What are the facts?
- The TIME Magazine has listed Ladakh as one the World’s Greatest Places of 2023 along with Mayurbhanj in Odisha.
- The article highlights the rugged beauty of Ladakh’s mountainous terrain and the strong Tibetan-Buddhist culture and gives a range of places to visit including the Hanle Dark Sky Reserve set up by the Indian Institute of Astronomy (IIA).
Also Read | Talacauvery is South India’s top ‘star party’ destination
What is the context?
- With the launch of helicopter services since the summer of 2022, travelling from Leh to far flung and difficult to reach places like Dibling, Drass and Padum, has become convenient and cut down travel time from five to 12 hours by car to 45 minutes.
- Ladakh is among the newest additions in the effort to make astro-toursim more popular in India. Apart from the raw natural beauty of the Himalayas, the Hanle Dark Sky Reserve (HDRS) is another attraction which attracts stargazers, astro-photography enthusiasts and amateur astronomers.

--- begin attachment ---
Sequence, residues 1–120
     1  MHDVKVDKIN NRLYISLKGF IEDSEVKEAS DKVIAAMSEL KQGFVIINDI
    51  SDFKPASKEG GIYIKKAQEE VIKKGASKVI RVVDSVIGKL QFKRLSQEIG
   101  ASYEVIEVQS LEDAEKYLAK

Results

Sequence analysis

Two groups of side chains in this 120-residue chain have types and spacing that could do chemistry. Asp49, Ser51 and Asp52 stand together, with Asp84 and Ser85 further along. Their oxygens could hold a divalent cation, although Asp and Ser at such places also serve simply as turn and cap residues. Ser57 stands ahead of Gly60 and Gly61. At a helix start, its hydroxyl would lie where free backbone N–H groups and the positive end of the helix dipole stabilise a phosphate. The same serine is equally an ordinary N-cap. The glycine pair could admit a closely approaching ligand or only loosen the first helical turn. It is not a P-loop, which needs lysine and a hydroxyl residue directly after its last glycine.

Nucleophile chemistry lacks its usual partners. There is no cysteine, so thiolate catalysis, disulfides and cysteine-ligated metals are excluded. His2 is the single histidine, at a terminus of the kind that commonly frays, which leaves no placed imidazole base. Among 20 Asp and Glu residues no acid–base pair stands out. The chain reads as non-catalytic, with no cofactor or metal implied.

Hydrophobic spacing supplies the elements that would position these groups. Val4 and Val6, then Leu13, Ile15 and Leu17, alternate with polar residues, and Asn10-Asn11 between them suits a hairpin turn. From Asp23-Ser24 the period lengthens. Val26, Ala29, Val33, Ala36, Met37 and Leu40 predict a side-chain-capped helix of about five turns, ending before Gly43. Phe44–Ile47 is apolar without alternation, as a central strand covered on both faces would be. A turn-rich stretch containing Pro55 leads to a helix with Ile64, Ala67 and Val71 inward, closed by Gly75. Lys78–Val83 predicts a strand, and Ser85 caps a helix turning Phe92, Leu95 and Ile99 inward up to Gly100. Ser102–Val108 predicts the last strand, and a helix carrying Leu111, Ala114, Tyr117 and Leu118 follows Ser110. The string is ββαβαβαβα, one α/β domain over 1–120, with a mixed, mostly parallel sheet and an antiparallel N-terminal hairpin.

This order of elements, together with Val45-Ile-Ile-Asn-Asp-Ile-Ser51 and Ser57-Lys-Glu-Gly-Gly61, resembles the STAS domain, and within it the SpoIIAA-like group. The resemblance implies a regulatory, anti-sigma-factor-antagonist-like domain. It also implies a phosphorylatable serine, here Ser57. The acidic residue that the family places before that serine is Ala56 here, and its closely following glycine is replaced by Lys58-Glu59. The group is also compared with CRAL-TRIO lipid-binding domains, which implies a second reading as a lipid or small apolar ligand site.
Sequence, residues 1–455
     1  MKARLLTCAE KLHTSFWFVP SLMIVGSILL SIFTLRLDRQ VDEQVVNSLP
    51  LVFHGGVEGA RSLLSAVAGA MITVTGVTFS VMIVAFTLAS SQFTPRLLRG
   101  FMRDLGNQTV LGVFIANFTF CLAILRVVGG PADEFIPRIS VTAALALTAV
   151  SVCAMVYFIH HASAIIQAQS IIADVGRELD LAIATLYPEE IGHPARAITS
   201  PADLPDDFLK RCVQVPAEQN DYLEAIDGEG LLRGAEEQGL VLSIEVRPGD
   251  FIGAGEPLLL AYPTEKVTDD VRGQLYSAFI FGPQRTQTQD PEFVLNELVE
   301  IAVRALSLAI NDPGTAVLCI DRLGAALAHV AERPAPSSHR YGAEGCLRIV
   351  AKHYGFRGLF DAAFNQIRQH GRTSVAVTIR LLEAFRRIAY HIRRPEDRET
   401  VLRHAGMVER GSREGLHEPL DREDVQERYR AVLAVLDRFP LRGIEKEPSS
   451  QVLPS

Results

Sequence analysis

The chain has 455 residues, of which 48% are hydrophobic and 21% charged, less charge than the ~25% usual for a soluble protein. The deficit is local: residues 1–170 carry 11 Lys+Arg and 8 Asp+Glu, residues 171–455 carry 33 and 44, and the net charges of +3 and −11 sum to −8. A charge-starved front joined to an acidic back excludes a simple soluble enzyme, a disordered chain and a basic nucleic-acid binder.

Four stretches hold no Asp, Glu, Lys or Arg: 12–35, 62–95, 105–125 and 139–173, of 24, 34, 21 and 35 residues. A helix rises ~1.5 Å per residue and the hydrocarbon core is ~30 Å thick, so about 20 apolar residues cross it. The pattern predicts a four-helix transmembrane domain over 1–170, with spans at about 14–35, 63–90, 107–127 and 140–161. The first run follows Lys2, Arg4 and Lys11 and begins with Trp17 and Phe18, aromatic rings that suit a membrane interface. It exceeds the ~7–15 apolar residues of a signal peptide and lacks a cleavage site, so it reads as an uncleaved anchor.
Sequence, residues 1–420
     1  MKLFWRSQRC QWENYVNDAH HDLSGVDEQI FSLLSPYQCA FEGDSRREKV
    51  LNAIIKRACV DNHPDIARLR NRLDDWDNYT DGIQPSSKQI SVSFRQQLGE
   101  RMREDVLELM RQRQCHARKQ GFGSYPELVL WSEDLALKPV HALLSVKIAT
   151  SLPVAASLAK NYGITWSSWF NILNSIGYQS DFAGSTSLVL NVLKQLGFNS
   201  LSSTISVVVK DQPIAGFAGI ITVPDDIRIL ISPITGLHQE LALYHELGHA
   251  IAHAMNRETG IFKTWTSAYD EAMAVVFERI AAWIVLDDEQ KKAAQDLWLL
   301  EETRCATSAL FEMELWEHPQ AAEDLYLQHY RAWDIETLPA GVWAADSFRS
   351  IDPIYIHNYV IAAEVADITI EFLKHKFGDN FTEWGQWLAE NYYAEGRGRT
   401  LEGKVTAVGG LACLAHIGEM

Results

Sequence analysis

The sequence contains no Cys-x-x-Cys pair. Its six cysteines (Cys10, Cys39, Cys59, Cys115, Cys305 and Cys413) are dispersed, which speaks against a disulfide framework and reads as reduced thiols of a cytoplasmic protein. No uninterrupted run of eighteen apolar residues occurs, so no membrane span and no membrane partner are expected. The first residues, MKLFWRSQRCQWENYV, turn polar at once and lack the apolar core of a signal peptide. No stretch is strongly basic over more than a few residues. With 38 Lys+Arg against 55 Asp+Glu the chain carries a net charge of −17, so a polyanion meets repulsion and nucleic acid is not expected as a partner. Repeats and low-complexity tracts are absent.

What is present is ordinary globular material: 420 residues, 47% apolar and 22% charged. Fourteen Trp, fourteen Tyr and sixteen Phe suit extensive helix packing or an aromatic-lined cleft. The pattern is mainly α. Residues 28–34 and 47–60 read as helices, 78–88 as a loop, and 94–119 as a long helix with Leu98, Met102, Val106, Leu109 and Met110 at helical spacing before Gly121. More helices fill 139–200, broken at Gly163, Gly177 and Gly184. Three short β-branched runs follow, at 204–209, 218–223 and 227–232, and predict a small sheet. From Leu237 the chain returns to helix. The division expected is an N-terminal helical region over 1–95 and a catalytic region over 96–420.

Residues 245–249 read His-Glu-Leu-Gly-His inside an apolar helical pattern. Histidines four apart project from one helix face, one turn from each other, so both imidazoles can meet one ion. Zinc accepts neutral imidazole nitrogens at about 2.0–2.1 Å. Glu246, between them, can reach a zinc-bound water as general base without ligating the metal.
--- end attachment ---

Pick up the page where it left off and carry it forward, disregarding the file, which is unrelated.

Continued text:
- The IIA and the local government has set up 18 telescopes in the area for astro-tourists and has used the help of amateur and professional astronomers to train locals to guide them.
Why does it matter?
- The village of Hanle consisting of 320 houses was designated as a dark sky reserve in December 2022. The Hanle Dark Sky Reserve (HDRS), located 270 kilometres from Leh, Ladakh’s capital, is a 1,073 sq km area that has been chosen for its high altitude, lack of artificial light and cloud cover for viewing the night sky without disruptions
- The Reserve wraps around a majority of the Changthang wildlife sanctuary, situated 4,500 m above sea level, has recorded approximately 270 clear nights in a year
- The reserve is also home to the Indian Astronomical Observatory, which requires clear skies, elevation from the populated areas and dry weather to observe faint radiation and light that are essential for the study of astronomy.